Print

Print


Hi Mike:

When do you think this test was done?
http://www.youtube.com/watch?v=e0qzIZaiPFs

I have my doubts about 1934 as stated in the description, I would think earlier.

-- Tom Fine

----- Original Message ----- 
From: "Michael Biel" <[log in to unmask]>
To: <[log in to unmask]>
Sent: Wednesday, September 26, 2012 2:31 PM
Subject: Re: [ARSCLIST] Bell Labs and EMI early 2-channel recording questions


On 26/09/2012 11:49, Tom Fine wrote:
> Thanks in advance for any/all expert factual answers.
>
> 1. Bell Labs developed a veritcal-lateral disk recording system and 
> made some test recordings in their laboratory. What was the timeframe 
> for this? Before the Stokowski/Philly recordings?
>
> 2. I had always assumed the Stoki/Philly recordings were with the 
> newly-developed 45-45 disk recording system. Is this factually correct?

Nobody seems to have noticed the posting I sent mentioning the 1927
and/or 1928 Bell Labs binaural recordings of the Capitol Theater Orch at
the Capitol Theater with 2 mics 20 feet apart on the balcony rail listed
in the BTL ledger.  I have the matrix numbers but they were not there
when I checked the Bell Labs archive.  Arthur C. Keller confirmed to me
that they were indeed recorded, and they were two tracks on one disc
just like Cook later used.  Ward Marston has often discussed that the
Stokie recordings were also two band.  The single groove cutter came a
year or two later.  

In that overlooked posting I also discussed the 1899 three-headed
Columbia Graphophone Brand, and that it was common practice in Hollywood
in the late 30s and early 40s to record music pre-records in
multi-tracks they called "angles" to allow for changing the audio
perspective to match the visual (such as hearing the horns louder if
there is a close-up of the horns).  There are many stereo tracks in
Turner-Rhino CDs of many movies.  The Wizard of Oz multi-DVD sets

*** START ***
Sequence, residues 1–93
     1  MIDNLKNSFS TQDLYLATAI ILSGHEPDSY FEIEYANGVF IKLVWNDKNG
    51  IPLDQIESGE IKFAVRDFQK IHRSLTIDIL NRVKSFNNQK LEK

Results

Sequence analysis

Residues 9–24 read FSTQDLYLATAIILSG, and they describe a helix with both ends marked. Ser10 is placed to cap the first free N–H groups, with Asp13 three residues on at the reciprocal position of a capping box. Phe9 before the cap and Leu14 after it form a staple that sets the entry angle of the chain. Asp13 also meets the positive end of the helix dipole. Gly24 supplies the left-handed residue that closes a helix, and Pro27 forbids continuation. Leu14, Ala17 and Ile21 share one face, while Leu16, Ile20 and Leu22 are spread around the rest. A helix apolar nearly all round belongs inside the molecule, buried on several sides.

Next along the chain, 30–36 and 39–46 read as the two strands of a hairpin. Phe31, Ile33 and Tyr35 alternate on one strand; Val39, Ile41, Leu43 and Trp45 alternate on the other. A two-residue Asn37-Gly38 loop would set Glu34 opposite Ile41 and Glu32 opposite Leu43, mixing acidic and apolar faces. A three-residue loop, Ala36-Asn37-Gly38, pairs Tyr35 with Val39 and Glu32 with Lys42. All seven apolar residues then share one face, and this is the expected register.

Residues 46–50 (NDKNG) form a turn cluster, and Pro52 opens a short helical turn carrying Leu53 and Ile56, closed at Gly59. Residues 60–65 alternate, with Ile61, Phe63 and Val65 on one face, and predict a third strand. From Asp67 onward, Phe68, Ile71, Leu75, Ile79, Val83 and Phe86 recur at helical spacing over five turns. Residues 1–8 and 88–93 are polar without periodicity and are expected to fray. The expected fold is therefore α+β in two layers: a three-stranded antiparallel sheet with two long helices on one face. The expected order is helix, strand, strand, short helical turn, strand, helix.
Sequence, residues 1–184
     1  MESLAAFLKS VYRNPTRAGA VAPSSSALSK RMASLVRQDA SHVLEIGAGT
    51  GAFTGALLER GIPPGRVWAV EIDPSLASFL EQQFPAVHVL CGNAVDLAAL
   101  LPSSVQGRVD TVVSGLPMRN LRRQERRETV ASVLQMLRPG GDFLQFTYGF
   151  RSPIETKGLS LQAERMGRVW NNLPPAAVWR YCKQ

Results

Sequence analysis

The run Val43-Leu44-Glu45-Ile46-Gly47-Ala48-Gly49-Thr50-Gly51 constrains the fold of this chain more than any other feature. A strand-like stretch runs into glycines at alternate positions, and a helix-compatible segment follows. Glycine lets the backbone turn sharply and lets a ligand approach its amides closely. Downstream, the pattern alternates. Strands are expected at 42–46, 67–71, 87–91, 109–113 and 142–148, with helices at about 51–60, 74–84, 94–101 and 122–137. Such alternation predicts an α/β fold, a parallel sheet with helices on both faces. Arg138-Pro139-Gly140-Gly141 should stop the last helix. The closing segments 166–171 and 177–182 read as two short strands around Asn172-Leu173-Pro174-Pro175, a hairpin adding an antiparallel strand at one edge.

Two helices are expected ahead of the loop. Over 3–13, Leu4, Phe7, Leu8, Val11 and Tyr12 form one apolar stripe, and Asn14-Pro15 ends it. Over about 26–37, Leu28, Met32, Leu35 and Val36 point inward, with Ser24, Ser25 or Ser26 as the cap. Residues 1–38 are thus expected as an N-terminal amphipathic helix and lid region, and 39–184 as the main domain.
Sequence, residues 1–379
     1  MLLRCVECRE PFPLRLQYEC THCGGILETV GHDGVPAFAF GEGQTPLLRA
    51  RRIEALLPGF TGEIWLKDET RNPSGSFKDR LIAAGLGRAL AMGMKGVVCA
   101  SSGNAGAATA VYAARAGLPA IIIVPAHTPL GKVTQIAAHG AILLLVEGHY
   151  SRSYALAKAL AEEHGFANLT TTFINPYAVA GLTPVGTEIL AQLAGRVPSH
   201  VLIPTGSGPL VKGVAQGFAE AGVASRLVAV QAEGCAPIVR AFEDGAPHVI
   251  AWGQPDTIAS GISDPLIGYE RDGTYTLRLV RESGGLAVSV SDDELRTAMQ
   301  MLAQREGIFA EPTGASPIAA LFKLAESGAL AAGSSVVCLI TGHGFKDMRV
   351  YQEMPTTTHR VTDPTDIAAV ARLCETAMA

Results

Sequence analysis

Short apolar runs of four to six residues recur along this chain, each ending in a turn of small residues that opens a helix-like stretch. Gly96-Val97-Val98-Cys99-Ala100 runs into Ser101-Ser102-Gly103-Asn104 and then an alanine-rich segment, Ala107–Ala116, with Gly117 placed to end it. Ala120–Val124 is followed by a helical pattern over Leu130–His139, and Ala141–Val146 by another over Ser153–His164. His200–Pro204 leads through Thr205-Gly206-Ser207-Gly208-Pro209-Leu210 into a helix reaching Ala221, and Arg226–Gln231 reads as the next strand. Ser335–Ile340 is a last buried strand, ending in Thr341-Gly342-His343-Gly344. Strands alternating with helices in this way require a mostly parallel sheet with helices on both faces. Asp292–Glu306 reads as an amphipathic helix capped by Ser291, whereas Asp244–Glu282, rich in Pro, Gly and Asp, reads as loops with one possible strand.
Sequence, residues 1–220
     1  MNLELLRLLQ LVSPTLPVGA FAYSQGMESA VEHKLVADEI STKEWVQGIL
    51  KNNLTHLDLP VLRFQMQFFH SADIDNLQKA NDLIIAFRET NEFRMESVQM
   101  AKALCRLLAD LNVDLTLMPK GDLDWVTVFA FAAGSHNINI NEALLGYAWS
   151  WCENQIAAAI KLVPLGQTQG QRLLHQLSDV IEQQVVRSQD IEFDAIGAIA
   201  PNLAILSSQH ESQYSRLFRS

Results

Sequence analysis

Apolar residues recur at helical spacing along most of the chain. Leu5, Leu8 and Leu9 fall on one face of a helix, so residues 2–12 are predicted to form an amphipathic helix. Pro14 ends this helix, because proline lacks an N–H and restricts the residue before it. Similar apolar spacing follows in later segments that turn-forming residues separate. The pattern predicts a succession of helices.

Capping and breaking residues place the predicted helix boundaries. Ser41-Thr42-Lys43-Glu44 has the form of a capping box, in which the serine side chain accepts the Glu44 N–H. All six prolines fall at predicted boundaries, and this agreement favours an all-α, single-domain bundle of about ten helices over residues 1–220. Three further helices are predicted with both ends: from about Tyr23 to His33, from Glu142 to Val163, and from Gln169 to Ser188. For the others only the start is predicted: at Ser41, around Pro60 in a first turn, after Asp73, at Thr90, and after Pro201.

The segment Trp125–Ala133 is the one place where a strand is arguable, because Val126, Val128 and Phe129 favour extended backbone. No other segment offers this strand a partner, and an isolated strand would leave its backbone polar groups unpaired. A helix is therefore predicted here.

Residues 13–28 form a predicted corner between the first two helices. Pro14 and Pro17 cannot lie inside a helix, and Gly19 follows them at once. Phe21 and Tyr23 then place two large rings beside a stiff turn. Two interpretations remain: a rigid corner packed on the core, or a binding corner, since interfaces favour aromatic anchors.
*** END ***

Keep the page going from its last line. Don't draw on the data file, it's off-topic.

discuss this.  I might add that Arthur Keller's opinion of Fantasia was
that it would have been a lot better if it had been recorded on the
Western Electric system rather than RCA.

> 3. Just to confirm, were the Blumlein/EMI binaural disk recordings 
> made with a vertical-lateral system or a 45-45 or something else? I 
> had thought vert-lat, but I want to be sure.

I believe they were recorded vertical-lateral but since they are
matrixed with the lateral being the sum and the vertical being the
difference theoretically they can be played back with a standard 45-45
reproducer.

Mike Biel  [log in to unmask]

> 4. Is there any documentation out there (not silly opinion pieces 
> online but real factual documentation) showing the differences between 
> the vertical-lateral systems? Was Decca's 1950's microgroove vert-lat 
> (never brought to market, as all the major companies agreed to the 
> Bell/Westrex 45-45 stereophonic cutting system in order to facilitate 
> universal compatibility) still another approach or a smaller-stylus 
> adaption of an earlier system?   Thanks in advance! -- Tom Fine

From: Ted Kendall <[log in to unmask]>

3. Blumlein stereo cutter was vert/lat - the surviving disc sides only 
make sense played this way, although the width on the Mozart/Beecham is 
not great - I spoke to one of Blumlein's assistants many years ago, who 
told me that they were disappointed at the time, and reckoned that the 
difference amplifier was having an off day.

4. Arthur Haddy gives some of this story in his chapter in Briggs' 
/Audio Biographies/ - the Decca/Teldec system was easily tweaked to run 
45/45, the carrier system having been abandoned some time previously for

fear the marketing people would put two separate programmes on the two 
channels!